Mug 20 is first washed and dried in preparation for spraying. Mug 20 is then heated to approximately 110° F. to 135° F. and then routed through a spray booth wherein the above-described thermochromatic ink mixture is sprayed onto mug 20, and, more specifically, as shown in FIG. 2, on an outer surface 10 of mug 20. Mug 20 preferably is then subjected to a curing process at a temperature of about 395° F. to 525° F. for approximately 15 to 30 minutes. At the end of the curing period, mug 20 is coated externally with a properly adhered thermochromatic ink layer 12 and, accordingly, exhibits the color of the thermochromatic ink/base medium mixture. While layer 12 is substantially permanent on surface 10, it is not sufficiently durable to withstand the conditions that may be experienced in an automatic dishwasher.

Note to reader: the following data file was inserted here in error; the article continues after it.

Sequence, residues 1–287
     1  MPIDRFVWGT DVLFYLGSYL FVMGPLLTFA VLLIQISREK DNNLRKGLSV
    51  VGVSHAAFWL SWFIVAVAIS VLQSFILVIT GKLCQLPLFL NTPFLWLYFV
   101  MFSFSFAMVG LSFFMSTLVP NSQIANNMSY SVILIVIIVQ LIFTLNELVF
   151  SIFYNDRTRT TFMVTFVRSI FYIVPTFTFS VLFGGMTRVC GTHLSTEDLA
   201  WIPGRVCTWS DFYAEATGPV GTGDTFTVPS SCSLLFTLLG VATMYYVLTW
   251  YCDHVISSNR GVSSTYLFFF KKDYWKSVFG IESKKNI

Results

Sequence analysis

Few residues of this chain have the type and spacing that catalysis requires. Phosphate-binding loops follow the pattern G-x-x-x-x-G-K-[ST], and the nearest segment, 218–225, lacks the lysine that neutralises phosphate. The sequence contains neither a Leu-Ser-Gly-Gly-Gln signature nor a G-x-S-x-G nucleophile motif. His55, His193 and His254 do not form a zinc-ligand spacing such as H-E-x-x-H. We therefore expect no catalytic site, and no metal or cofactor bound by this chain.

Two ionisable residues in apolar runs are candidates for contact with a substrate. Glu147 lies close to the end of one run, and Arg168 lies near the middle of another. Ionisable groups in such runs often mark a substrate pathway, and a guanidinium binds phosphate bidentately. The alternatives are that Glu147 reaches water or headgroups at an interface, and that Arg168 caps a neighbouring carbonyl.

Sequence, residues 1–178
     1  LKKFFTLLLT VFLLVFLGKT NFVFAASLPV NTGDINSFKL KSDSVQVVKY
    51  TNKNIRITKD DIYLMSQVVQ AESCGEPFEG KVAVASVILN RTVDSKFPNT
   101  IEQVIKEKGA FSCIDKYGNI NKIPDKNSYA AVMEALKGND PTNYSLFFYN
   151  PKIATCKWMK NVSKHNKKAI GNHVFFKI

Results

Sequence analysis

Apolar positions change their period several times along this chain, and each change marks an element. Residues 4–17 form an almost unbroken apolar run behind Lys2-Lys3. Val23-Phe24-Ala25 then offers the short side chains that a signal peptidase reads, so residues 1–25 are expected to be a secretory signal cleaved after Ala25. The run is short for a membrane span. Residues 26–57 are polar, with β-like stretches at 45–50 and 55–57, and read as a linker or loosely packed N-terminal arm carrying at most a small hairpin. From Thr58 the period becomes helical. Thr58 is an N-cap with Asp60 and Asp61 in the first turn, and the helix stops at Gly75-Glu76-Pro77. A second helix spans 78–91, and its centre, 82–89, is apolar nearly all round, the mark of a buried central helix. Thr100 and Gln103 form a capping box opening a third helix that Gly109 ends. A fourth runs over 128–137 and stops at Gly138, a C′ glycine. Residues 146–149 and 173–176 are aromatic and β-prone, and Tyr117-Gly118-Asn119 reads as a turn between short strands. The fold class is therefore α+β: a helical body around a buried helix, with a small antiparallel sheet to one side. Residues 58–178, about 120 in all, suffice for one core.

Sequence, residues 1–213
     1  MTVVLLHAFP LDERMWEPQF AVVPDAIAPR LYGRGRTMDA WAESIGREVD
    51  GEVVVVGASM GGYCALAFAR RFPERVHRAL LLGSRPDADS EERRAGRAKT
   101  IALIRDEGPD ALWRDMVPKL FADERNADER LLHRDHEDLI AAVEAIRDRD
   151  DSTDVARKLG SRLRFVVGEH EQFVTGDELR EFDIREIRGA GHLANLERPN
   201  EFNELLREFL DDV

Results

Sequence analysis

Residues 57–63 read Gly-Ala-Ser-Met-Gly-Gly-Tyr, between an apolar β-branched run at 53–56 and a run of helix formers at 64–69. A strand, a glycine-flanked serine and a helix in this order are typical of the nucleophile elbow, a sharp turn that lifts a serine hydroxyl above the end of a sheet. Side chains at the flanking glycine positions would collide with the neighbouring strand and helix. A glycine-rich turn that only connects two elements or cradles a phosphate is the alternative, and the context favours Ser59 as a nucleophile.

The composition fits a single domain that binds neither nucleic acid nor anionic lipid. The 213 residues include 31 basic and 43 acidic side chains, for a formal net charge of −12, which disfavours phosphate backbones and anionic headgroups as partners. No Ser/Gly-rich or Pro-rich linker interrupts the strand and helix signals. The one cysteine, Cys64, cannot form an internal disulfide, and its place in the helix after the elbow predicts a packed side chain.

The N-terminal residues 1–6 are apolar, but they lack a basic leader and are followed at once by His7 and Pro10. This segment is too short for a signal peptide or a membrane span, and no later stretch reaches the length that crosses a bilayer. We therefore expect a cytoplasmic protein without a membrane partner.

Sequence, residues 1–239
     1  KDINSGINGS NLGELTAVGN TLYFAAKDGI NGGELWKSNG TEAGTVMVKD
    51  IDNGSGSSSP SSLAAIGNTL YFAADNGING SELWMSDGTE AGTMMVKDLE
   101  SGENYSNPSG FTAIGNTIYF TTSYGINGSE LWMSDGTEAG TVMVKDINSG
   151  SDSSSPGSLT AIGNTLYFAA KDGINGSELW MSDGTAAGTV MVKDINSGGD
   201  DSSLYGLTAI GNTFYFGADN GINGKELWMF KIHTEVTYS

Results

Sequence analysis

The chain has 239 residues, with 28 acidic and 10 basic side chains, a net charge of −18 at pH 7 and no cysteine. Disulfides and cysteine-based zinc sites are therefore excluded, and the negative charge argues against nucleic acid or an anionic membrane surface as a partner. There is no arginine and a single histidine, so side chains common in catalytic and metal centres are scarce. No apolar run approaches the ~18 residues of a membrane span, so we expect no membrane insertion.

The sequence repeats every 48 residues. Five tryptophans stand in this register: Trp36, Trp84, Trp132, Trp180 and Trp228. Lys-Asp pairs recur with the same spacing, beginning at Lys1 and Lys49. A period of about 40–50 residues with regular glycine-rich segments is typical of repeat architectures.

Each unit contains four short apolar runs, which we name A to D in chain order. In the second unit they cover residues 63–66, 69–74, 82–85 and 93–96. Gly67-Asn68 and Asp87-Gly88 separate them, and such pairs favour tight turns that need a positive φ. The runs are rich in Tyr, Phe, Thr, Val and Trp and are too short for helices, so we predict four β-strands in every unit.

To make the mug 20 dishwasher safe another coating, preferably polymer acrylic, is applied over thermochromatic ink layer 12. Specifically, mug 20 preferably is again washed, dried and heated to approximately 110° F. to 135° F. to prepare same for another spraying step. In this second spraying step, a one part polymer acrylic mixture, such as Xylene and Butyl Di Ethoxol, is prepared and sprayed to completely cover the mug 20 and the thermochromatic ink layer 12, previously applied. In the preferred embodiment of the present invention the material used for the second spraying step does not require a catalyst. However, a catalyst could be added if it is deemed desirable. It is noted also that while polymer acrylic has been described above, any material that can provide the desired protection layer is within the scope of the present invention. The sprayed-on polymer acrylic material preferably is then dried in an oven for 15 to 30 minutes at 395° F. to 525° F. Once hardened, a protective layer 14 is set-up over thermochromatic ink layer 12 and provides the desired dishwasher proof protection for the thermochromatic ink layer 12. The protective layer 14 further provides a glossy appearance to mug 20 and still further provides a surface on which a decorative pattern or image can be applied, as described below.